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1920: America's Great War by Robert Conroy

1920: America's Great War

by Robert Conroy

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Strong entry into the alternate reality genre. Wars always seem to turn on the smallest of things -- a found note, a lost courier, a confused sentry, not making the push at the right time.... The character of the Germans would not have changed, though. ( )
  bgknighton | Nov 24, 2015 |
I'll admit that I have a little bit of a chip on my shoulder these days regarding the "Plucky American" trope (too many stupid proclamations about American Exceptionalism will do that for a person), and I do sense some missed opportunities here in this first of Conroy's novels that I've tried. That said, I find it much easier to gloss over any issues I might point to with this book by regarding it as a sort of diesel-punk adventure and just let things slide while seeing how the author ties all his plot threads up with the climactic battle; that's where the joy is in this sort of thing.

Apart from that I do respect Conroy for not kidding himself that he had more than a novel's worth of ideas and stretching things out interminably. On the other hand, he has created a jumping off point to an alternate Twentieth Century that I wouldn't mind seeing further developed. ( )
  Shrike58 | Feb 24, 2015 |
I note that this is Conroy's second book in which Germany invades the US in the early 1900's, this time on the west coast instead of the east. I liked 1901 better, but this is also worth reading. ( )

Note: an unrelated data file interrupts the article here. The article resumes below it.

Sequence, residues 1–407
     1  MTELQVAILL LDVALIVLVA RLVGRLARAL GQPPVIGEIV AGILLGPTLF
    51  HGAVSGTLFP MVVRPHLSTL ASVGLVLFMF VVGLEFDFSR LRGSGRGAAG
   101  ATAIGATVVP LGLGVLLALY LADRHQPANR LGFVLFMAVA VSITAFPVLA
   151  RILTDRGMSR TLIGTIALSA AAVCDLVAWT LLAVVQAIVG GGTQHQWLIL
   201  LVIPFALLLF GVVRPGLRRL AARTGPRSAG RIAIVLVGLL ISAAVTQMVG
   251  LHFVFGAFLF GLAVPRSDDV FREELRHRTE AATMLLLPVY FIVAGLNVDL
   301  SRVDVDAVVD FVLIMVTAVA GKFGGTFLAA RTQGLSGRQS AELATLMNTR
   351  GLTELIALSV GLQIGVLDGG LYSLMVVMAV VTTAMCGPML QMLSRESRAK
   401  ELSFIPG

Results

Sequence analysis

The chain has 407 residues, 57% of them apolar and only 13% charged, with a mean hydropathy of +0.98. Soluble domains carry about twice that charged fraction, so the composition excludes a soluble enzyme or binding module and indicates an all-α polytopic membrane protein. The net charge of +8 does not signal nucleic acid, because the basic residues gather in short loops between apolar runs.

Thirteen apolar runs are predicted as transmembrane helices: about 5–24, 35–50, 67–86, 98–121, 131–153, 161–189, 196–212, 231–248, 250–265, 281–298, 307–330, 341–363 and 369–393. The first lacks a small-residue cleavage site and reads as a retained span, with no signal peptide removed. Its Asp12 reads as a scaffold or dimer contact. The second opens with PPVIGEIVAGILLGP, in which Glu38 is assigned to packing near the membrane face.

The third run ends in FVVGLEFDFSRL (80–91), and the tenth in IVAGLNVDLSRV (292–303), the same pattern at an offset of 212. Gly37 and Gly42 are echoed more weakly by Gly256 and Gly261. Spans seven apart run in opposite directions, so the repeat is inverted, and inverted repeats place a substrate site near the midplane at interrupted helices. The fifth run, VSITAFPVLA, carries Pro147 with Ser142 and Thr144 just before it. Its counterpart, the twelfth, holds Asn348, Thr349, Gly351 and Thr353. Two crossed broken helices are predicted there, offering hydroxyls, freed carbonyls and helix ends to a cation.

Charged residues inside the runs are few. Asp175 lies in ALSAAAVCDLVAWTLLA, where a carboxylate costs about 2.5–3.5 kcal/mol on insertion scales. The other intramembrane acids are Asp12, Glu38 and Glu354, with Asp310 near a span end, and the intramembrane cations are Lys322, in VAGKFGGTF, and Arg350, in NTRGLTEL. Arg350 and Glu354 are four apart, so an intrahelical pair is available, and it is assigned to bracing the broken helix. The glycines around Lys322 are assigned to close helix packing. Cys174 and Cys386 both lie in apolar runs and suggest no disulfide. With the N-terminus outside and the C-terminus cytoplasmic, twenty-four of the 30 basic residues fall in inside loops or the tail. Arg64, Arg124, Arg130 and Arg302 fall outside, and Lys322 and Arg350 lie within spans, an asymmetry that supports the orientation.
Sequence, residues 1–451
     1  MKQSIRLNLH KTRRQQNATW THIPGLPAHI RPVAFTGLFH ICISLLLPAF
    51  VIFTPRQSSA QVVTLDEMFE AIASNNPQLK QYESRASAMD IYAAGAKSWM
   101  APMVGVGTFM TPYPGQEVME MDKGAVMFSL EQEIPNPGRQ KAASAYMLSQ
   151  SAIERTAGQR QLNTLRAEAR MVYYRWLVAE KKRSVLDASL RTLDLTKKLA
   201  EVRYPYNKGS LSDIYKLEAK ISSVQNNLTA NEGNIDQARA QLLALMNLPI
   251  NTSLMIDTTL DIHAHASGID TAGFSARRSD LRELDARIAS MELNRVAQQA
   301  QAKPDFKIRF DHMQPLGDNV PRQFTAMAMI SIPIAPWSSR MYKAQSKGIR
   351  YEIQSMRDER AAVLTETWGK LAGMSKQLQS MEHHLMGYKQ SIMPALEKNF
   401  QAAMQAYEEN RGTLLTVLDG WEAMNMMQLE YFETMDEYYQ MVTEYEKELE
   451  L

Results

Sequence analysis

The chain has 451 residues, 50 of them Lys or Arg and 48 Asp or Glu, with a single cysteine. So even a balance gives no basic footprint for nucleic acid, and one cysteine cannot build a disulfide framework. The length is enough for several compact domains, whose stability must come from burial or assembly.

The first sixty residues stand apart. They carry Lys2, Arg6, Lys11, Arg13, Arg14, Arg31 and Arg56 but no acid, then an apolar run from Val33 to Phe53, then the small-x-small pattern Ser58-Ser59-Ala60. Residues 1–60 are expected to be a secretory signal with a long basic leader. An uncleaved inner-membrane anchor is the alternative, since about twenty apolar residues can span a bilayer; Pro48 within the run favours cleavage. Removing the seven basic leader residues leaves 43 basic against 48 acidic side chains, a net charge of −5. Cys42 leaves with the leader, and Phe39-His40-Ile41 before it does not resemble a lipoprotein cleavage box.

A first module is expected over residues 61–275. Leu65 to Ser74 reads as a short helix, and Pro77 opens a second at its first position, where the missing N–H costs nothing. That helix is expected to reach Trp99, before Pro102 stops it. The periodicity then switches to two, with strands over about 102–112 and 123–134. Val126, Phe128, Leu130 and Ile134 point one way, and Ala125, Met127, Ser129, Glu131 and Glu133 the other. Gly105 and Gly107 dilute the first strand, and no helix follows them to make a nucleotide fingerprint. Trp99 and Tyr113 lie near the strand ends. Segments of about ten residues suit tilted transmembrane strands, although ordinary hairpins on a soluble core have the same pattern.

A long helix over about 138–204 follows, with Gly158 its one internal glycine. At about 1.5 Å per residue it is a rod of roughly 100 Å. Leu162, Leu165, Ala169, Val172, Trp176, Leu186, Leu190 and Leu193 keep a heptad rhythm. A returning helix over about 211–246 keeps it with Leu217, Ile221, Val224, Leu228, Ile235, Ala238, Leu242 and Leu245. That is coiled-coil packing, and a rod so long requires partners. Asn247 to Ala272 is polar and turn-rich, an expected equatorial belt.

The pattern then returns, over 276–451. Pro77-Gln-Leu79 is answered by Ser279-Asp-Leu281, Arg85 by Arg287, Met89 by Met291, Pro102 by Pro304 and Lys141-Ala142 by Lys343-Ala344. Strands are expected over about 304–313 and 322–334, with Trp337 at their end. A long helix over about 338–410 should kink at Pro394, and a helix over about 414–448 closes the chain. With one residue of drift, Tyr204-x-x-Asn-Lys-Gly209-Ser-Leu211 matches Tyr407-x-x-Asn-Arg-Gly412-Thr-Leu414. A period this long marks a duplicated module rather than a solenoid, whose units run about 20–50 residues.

readinggeek451 | Dec 11, 2014 |
An action packed yarn telling the fictional tale of German victory on the Marne in 1914, the defeat of France & Britain resulting in a German invasion on the US via Mexico.

Patton, Eisenhower, , Nimitz, MacArthur and even Amelia Earhart all feature along with a supporting cast of Rommel and Canaris.

Good fun if you're looking for a light alternative history read. ( )
  mancmilhist | Aug 28, 2014 |
I can't help myself! Sure, Conroy's books tend to be formulaic, and make too much use of coincidental contacts between the main characters and major historical figures. But sometimes a guy just wants a good, old fashioned yarn thats an easy read! Conroy's books are just that. He makes good use of the alternative history genre by using an easily imaginable alternate decision in a historical event, not relying on some supernatural or alien intervention. And, he cleanly wraps up each book at the end, not leaving you hanging, waiting a year for the next book to come out (ala H Turtledove). He fleshes out the major characters nicely, yet not going overboard in explaining exactly what a character was thinking/speaking in excessive, flowery language (sorry Eric Flint). Perfect for a summertime read at the cabin, or curled up in front of a warm fire on a winter weekend. Please keep them coming, Mr. Conroy! ( )
  1Randal | Aug 25, 2014 |
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"Consider another 1920: Imperial Germany has become the most powerful nation in the world. In 1914 she had crushed England, France, and Russia in a war that was short but entirely devastating. By 1920, Kaiser Wilhelm II is looking for new lands to devour. The United States is fast becoming an economic super-power and the only nation that can conceivably threaten Germany. The U.S. is militarily inept, hosever, and is led by a sick and delusional president who wanted to avoid war at any price. Thus, Germany is able to ship a huge army to Mexico to support a puppet government to invade and conquer California and Texas. America desperately resists and as a second battle of the Alamo looms, only the indomitable spirit of freedom can answer the Kaiser's challenge"--… (more)

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